I had similar issues. Do you have Gnome, KDE or some kind of Xwindow DM?. If you do open your file broser and remove the file from there. It should work. I would like to see a solution from the command line, but in my case and after losing a lot of time trying to figure out how to remove it from the command line I found that it was as simple as removing ...


1

Recreating the directory seems a pretty clean way to do it. find /data1 -name MyTargetDir -type d -exec rm -rv {} \; -exec mkdir {} \; You could instead use a subshell in the exec to run a rm -rf * (or similar) from within the directory. But that just seems more trouble than the above. You have the side effect of cleaning up the directory size if that ...


0

No doubt there are nicer ways of doing it, but this should work: for MyTargetDir in `find /data1 -name MyTargetDir -type d -depth` do if [ $MyTargetDir != "" ]; then rm -rfvi $MyTargetDir/* fi done The if statement is required in case you never find the directory that you are looking for in which case the rm command would destroy your root file ...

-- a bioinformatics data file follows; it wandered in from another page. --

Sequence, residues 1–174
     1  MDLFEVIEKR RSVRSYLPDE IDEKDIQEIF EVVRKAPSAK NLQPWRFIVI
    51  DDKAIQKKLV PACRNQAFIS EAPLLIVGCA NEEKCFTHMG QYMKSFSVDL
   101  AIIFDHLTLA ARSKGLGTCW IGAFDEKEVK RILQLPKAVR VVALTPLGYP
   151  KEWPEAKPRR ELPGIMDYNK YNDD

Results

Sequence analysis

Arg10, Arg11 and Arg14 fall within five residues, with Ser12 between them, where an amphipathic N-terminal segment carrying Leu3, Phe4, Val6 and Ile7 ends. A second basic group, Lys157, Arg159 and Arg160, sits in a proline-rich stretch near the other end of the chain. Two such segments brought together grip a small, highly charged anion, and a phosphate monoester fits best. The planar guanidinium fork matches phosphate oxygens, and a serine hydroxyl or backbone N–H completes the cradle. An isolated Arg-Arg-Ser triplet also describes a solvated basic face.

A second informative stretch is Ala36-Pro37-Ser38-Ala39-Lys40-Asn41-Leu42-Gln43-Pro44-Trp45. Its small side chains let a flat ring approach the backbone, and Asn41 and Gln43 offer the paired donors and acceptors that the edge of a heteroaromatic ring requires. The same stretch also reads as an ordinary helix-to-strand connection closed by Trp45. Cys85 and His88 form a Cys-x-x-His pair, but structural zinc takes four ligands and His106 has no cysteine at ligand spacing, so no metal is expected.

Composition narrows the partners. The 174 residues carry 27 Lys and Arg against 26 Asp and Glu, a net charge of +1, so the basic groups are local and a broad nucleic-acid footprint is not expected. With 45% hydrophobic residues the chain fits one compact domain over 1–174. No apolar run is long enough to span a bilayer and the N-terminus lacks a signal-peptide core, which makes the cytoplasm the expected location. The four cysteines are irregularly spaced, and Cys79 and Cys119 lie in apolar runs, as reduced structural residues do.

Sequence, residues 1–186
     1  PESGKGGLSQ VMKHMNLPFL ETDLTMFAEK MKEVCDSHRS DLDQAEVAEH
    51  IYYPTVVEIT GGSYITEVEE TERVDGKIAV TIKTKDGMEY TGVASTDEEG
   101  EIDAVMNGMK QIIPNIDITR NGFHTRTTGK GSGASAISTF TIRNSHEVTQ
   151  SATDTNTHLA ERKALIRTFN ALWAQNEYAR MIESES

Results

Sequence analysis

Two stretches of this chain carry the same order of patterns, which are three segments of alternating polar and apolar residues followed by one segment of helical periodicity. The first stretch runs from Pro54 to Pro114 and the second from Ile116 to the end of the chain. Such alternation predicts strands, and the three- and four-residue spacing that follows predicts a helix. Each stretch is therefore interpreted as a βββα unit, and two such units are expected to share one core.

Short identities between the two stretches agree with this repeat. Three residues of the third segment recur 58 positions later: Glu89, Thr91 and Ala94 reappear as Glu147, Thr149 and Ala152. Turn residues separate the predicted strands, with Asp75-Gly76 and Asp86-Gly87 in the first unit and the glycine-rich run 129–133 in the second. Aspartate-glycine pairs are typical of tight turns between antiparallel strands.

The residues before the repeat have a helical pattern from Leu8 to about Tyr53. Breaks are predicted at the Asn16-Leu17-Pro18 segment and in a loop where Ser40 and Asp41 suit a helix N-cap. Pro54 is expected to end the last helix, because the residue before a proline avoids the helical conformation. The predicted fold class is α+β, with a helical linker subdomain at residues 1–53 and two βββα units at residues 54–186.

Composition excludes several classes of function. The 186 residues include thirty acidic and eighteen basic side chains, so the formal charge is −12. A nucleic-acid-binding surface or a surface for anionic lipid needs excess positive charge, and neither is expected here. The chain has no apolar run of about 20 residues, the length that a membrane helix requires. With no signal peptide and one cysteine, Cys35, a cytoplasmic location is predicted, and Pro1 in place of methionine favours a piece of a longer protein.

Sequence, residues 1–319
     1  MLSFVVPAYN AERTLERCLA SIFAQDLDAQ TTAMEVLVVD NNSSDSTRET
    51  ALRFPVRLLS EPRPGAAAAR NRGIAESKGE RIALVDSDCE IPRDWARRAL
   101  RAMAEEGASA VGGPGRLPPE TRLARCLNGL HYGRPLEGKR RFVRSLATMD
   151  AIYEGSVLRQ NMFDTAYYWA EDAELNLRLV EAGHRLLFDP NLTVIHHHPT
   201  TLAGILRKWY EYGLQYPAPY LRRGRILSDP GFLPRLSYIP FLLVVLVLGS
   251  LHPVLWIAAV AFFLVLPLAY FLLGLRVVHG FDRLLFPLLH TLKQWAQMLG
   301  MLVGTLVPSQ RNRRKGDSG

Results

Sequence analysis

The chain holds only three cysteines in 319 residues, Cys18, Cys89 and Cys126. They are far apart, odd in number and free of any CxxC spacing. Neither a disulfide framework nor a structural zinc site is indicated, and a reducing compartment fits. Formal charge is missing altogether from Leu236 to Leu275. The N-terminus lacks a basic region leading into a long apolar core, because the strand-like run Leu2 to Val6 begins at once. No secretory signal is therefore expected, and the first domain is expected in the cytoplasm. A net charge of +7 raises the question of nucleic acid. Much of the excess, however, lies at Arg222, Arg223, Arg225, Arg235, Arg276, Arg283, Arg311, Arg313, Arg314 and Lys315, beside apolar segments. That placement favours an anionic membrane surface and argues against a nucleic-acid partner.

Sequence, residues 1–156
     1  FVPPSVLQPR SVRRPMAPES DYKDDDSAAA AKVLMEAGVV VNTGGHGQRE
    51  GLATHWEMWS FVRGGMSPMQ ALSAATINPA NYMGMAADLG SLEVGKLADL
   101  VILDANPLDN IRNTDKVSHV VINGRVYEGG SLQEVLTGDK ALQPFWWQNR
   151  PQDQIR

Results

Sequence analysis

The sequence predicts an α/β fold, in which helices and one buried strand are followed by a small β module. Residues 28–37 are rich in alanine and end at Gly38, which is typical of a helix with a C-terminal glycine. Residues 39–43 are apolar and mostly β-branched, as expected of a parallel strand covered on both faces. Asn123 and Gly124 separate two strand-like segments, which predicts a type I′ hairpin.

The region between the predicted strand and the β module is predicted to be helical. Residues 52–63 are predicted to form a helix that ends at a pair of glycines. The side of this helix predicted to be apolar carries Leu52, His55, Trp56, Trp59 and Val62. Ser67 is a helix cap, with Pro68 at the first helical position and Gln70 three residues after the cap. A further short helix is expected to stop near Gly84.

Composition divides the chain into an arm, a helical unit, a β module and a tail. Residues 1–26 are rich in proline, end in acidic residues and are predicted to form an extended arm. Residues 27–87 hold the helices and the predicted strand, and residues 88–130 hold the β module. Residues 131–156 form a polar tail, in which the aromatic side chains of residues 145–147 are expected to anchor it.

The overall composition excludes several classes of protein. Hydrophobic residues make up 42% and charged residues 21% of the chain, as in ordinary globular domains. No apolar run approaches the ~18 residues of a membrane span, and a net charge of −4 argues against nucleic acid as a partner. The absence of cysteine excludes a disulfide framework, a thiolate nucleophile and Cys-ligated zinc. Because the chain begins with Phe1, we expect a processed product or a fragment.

-1

Or you could try this command without the r option in rm. so it don't will be able to remove directories.


0

rm -rf MyTargetDir && mkdir MyTargetDir It should do what you are trying to do.


8

The following excerpt from this essay potentially explains why that directory refuses to be deleted: NFSv4 requires that all filenames be exchanged using UTF-8 over the wire. The NFSv4 specification, RFC 3530, says that filenames should be UTF-8 encoded in section 1.4.3: “In a slight departure, file and directory names are encoded with UTF-8 to deal with ...


0

Have you tried to get the inode of that file with stat: stat mike* That should give you the inode number (and other data), and then you could try to delete it.